The elongation and impact strength of the paint dispersed batches decreased drastically compared to the virgin material as the paint particles acted as crack initiators and propagators. For the blends prepared, well characterised paint particles were dispersed into the PP/rubber/talc and PP/rubber matrix to be used as the "real" system. Talc itself is used as a filler in the commercial grades to impart greater stiffness, so composites without talc were worth examining to compare the effect of paint over talc. Also "model" filled systems with glass micro spheres were studied to observe the relative importance of particle shape and filler concentration. The choice to use glass as a model filler was primarily based on its spherical shape, non-deformable nature and relatively small surface area. The glass filled systems served as a comparison and helped in the interpretation of the rheological and mechanical properties of the paint dispersed in the rubber toughened talc filled and unfilled PP. The rheological study over the processing temperature range showed that the presence of small fraction of the dispersed phase (upto 1.9 vol% for glass beads and 2.7 vol% for paint particles) had insignificant effect on viscosity and at these levels the effect of particle size, particle size distribution and particle shape can be neglected. Only with increased filler fraction (5 vol %) a trend in increased viscosity was observed.

From mechanical testing it was observed that the retention of tensile yield strength was nearly 100% but elongation at break dropped significantly compared to the base matrices. This reduction was explained by poor interphase between filler and matrix. The modulus values for glass bead filled PP/rubber matrix showed an increasing tendency for high rigidity of the filler itself whereas for paint filled matrix it dropped below the base matrix value. For PP/rubber/talc matrix the scenario was different where a decrease in modulus was observed for all the composites. This was explained by the much high rigidity of talc particles over glass beads and paint particles. Though small sized talc particles acted as reinforcing fillers when added to PP/rubber system, the inclusion of second dispersed phase could not overshadow its effect on matrix thus failing as a weak structure. The drop in modulus for paint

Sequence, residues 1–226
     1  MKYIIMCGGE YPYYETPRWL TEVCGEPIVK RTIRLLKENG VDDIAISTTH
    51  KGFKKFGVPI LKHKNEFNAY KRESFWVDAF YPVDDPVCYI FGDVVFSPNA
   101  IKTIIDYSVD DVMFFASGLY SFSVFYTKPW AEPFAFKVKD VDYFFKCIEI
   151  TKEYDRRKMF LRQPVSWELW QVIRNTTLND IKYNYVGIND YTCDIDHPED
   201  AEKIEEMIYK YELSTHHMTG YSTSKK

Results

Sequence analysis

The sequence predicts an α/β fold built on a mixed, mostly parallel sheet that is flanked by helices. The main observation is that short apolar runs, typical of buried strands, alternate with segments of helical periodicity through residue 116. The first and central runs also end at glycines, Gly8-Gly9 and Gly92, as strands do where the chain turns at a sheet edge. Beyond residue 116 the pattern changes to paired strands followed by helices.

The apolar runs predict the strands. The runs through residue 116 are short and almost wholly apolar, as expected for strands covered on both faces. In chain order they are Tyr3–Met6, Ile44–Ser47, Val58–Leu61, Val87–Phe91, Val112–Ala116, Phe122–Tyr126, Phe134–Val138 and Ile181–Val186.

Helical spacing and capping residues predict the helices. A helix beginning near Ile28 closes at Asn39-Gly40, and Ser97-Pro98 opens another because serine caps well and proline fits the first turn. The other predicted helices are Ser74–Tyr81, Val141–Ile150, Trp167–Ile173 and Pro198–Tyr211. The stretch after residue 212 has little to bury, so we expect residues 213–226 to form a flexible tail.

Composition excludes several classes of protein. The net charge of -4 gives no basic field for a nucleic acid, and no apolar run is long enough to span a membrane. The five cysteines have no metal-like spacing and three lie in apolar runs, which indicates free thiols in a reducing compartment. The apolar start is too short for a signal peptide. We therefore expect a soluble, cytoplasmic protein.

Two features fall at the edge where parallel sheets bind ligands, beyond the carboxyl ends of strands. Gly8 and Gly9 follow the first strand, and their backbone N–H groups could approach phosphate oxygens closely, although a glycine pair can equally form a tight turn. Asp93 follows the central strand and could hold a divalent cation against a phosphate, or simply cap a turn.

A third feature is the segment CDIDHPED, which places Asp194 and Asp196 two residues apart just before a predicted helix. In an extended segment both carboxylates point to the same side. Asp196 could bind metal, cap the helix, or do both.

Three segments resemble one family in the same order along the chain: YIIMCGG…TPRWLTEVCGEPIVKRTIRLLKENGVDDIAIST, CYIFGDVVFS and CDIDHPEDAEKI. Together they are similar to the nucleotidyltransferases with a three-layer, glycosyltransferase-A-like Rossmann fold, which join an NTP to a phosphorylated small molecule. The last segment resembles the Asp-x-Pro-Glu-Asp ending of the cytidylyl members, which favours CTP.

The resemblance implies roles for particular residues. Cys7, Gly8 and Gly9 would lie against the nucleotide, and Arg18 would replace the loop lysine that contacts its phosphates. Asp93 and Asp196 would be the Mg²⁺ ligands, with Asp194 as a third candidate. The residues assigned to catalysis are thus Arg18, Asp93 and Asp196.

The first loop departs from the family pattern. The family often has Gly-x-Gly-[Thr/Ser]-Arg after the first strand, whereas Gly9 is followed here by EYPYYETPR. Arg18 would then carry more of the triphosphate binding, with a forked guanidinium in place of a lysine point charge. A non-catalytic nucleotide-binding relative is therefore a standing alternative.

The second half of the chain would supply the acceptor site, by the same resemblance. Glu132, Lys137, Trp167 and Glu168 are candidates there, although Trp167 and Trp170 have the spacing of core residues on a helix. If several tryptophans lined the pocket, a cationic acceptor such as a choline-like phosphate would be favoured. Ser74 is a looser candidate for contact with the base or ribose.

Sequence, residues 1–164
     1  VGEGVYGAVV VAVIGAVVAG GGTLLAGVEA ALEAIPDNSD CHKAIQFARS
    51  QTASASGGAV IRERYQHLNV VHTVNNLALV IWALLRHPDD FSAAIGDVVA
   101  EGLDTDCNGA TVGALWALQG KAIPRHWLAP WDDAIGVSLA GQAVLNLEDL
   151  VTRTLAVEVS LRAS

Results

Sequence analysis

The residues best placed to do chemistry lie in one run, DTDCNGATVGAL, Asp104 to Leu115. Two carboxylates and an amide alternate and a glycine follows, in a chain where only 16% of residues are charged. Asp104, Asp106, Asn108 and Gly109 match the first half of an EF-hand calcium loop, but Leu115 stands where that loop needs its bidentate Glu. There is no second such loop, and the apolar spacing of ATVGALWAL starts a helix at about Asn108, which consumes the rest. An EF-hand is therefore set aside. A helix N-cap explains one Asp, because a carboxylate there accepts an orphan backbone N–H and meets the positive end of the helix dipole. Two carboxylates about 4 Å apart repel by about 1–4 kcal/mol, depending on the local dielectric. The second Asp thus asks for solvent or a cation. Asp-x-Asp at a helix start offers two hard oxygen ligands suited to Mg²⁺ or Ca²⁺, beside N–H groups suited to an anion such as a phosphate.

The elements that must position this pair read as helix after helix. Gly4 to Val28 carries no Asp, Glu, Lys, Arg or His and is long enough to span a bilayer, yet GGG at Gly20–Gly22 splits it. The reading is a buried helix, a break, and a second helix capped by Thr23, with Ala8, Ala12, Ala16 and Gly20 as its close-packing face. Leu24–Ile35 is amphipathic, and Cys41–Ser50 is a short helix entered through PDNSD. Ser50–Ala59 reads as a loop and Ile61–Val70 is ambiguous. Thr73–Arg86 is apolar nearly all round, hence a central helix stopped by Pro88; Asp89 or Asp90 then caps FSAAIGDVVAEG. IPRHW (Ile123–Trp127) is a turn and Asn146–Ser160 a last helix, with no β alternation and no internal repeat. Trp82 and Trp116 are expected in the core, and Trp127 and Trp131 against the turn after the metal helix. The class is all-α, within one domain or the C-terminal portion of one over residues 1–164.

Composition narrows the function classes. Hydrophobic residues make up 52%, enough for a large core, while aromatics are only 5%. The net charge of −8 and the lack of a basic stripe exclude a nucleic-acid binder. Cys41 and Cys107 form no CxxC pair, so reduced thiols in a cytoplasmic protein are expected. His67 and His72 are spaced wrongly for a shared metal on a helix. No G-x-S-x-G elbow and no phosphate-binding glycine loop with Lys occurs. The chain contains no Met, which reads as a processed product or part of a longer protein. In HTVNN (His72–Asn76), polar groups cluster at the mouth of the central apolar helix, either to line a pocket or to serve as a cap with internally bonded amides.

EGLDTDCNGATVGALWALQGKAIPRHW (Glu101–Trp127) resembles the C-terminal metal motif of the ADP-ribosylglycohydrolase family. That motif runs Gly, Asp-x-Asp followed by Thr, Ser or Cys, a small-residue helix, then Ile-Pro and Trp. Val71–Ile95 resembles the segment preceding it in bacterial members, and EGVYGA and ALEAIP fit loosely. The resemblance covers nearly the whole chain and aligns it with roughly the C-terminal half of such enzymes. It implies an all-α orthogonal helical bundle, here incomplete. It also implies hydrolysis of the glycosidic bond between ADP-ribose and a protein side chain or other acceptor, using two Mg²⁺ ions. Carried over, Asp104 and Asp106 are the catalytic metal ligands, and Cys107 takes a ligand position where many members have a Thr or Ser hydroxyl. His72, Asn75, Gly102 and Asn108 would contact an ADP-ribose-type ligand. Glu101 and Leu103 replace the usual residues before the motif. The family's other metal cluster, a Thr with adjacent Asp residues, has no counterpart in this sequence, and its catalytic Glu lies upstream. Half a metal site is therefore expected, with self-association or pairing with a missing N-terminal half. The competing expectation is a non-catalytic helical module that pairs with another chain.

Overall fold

dispersed matrices was more significant indicating that irregular shaped paint particles had a smaller degree of interaction with the base matrix compared to spherical glass particles.

A sharp decrease in impact strength observed for all the composites again explained the poor adhesion between matrix and dispersed phase which was also attributed from the photomicrographs of the fractured specimens. A separated microstructure was revealed for the composites which emphasised the explanation that the inclusions reduced the ability of the elastomer phase to absorb applied energy by reducing the distance between particles. A decrease in fracture energy and toughness for all the composites was also explained by the same.

Models were proposed to predict crack propagation through glass bead and paint particle dispersed in the PP/rubber/talc matrices. For glass beads, crack propagation through the composite was attracted to the equator of particles so fractured surfaces showed clear hemispherical holes and top surfaces of debonded particles. For irregular paint dispersed composites, crack propagated through the interphase of filler and matrix thus debonding the paint particles.

The composites under study were also related in terms of their rheology, morphology and mechanical properties. A separated microstructure of the composites as observed from the micrographs leads to the explanation of the slight increase in viscosity of filled composites over unfilled ones. Also poor interphase between filler and matrix leads to decreased property values in mechanical tests compared to base matrices.

Degree Doctor of Philosophy (PhD)
Institution RMIT University
School, Department or Centre Chemical and Metallurgical Engineering
Keyword(s) Plastics
Automotive industries
polypropylene (PP)
Version Filter Type